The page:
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City and County of San Francisco v. Cobra Solutions, Inc.

California Court of Appeals, First District, Fifth Division

December 15, 2014

CITY AND COUNTY OF SAN FRANCISCO, Plaintiff and Respondent,
v.
COBRA SOLUTIONS, INC., et al., Defendants and Appellants.

[CERTIFIED FOR PARTIAL PUBLICATION[*]]

Superior Court of the City and County of San Francisco, Super. Ct. No. CGC-03-417218, Hon. James J. McBride, Judge.

Page 469

COUNSEL

Gonzalez & Leigh, Law Offices of Whitney Leigh and G. Whitney Leigh, for Defendants and Appellants.

Cotchett, Pitre & McCarthy, Nancy L. Fineman and Aron K. Liang, for Plaintiff and Respondent.

OPINION

SIMONS, J.

In City & County of San Francisco v. Cobra Solutions, Inc. (2006) 38 Cal.4th 839 [43 Cal.Rptr.3d 771, 135 P.3d 20] (Cobra I), our Supreme Court held the entire city attorney's office (City Attorney’s Office) was vicariously disqualified from representing the City and County of San Francisco (City) in this lawsuit against a City contractor, Cobra Solutions,

Page 470

Inc., and a related entity, Telecon L.T.D., Inc.[1] Following remand to the trial court, the City retained substitute counsel and the case proceeded to trial on the City’s suit for breach of contract and related claims and Cobra’s counterclaims. The jury denied any relief to Cobra and awarded the City approximately $24, 000. In the published portion of this opinion, we discuss Cobra’s motion in limine seeking to preclude the City from using at trial any evidence procured with the participation of the City Attorney’s Office. We hold Cobra waived this issue by failing to timely raise it. We address Cobra’s remaining claims in the unpublished portion of the opinion.

FACTUAL AND PROCEDURAL BACKGROUND[2]

In 1998, the City entered into a contract with a joint venture comprised of Cobra and other entities; during the periods relevant here, only Cobra remained a party to the joint venture. Under the contract (the master contract), Cobra was one of a number of prequalified vendors of information technology goods and services to the City as part of the City’s “Computer Store.” This prequalification program had been established through the City's committee on information technology (Technology Committee) to expedite the procurement of information technology goods and services for City agencies. Use of Computer Store vendors was not mandatory. City departments could choose to get information technology goods and services through a Computer Store vendor or by submitting a request for proposals and soliciting bids from other vendors. A little less than half of the City’s information technology purchases were made through Computer Store vendors.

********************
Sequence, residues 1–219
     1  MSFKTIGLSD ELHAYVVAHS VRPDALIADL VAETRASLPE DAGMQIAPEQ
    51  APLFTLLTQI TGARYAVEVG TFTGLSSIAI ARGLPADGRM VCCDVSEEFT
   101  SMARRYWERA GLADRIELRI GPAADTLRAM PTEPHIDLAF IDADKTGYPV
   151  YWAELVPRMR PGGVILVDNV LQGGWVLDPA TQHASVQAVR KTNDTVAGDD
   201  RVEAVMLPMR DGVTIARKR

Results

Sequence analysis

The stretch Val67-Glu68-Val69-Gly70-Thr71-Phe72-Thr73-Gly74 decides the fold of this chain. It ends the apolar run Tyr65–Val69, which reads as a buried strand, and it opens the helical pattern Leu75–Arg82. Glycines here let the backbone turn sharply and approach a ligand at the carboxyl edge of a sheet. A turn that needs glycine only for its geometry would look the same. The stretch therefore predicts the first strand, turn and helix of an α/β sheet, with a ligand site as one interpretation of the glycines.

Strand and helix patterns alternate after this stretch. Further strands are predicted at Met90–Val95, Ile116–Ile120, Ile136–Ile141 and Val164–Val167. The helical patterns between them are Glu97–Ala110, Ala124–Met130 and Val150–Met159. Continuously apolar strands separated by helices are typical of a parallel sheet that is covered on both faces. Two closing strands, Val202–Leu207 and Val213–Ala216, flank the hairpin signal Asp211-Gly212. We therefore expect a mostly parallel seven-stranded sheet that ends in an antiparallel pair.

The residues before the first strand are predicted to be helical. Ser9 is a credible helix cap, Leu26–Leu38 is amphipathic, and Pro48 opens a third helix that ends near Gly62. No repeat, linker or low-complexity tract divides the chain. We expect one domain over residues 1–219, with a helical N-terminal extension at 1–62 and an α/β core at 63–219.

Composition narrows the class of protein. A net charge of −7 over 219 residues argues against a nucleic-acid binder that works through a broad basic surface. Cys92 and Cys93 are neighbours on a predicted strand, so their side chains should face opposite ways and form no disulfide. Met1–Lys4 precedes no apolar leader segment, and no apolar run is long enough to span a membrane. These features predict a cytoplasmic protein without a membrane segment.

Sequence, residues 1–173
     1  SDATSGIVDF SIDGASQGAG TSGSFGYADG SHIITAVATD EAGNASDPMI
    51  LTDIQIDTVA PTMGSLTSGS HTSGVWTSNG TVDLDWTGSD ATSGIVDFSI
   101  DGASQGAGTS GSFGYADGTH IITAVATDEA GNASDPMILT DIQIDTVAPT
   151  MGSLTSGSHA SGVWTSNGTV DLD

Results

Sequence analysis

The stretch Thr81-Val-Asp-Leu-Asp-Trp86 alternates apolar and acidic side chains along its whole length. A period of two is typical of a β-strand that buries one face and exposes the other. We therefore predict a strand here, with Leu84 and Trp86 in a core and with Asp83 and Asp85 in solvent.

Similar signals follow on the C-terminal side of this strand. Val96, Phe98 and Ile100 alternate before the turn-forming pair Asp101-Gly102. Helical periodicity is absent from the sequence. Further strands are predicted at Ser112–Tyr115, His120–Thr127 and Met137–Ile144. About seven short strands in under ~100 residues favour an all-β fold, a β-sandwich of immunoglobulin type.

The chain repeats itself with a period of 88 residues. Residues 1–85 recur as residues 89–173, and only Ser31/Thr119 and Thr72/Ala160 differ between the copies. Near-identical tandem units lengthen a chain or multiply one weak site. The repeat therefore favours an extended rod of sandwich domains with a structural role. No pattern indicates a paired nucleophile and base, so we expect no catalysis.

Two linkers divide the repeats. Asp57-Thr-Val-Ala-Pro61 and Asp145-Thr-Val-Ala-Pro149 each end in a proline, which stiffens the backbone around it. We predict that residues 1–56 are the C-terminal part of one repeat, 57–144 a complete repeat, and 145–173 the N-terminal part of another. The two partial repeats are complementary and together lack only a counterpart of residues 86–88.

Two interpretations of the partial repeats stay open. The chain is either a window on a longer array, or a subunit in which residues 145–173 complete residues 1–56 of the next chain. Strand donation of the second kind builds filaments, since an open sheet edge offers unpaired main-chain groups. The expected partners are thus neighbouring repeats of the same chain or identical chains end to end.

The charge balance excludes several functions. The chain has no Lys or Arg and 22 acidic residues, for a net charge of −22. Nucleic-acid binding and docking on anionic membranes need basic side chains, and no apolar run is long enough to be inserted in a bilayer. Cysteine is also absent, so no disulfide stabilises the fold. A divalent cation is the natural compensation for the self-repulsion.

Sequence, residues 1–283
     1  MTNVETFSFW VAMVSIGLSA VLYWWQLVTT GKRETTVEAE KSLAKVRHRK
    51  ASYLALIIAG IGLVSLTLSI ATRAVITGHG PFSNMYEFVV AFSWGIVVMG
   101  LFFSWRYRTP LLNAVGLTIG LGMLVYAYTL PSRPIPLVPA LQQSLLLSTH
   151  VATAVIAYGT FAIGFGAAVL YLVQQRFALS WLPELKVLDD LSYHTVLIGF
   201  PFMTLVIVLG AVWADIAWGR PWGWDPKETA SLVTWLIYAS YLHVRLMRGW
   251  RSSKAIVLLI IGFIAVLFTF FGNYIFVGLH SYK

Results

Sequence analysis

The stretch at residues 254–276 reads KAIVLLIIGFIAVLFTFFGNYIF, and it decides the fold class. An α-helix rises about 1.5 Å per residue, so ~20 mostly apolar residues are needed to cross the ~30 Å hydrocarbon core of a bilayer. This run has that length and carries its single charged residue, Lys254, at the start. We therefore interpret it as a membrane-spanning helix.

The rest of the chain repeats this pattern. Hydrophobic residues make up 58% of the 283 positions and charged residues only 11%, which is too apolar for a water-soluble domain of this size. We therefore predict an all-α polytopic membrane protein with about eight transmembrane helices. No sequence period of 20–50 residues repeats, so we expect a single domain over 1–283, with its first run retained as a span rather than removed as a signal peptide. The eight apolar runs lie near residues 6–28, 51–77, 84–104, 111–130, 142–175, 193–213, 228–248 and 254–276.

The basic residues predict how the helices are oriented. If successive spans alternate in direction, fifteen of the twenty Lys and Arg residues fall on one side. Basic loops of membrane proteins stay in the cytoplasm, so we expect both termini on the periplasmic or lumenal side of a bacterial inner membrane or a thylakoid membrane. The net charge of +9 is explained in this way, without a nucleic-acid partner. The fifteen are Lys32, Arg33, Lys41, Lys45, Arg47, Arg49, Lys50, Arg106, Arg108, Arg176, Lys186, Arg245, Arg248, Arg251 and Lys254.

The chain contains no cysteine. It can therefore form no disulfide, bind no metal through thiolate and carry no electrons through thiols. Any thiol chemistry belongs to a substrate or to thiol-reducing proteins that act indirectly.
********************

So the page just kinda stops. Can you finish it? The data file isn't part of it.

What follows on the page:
In 1999 and 2000, Cobra submitted five invoices to the City based on invoices submitted to Cobra from one of its subcontractors, Monarch Enterprises (Monarch). Monarch had not performed the work identified in the invoices. Instead, Monarch was a sham corporation run by Marcus Armstrong, the then-manager of information technology for a City agency. There was evidence at trial Cobra had done nothing to verify that Monarch had in fact performed the work for which Cobra was billing the City. The City paid Cobra the full amount of the invoices: the amount Cobra owed Monarch for the purportedly performed work plus an additional profit markup for Cobra.

In February 2003, after the City discovered a separate scheme involving Armstrong and a different Computer Store ...


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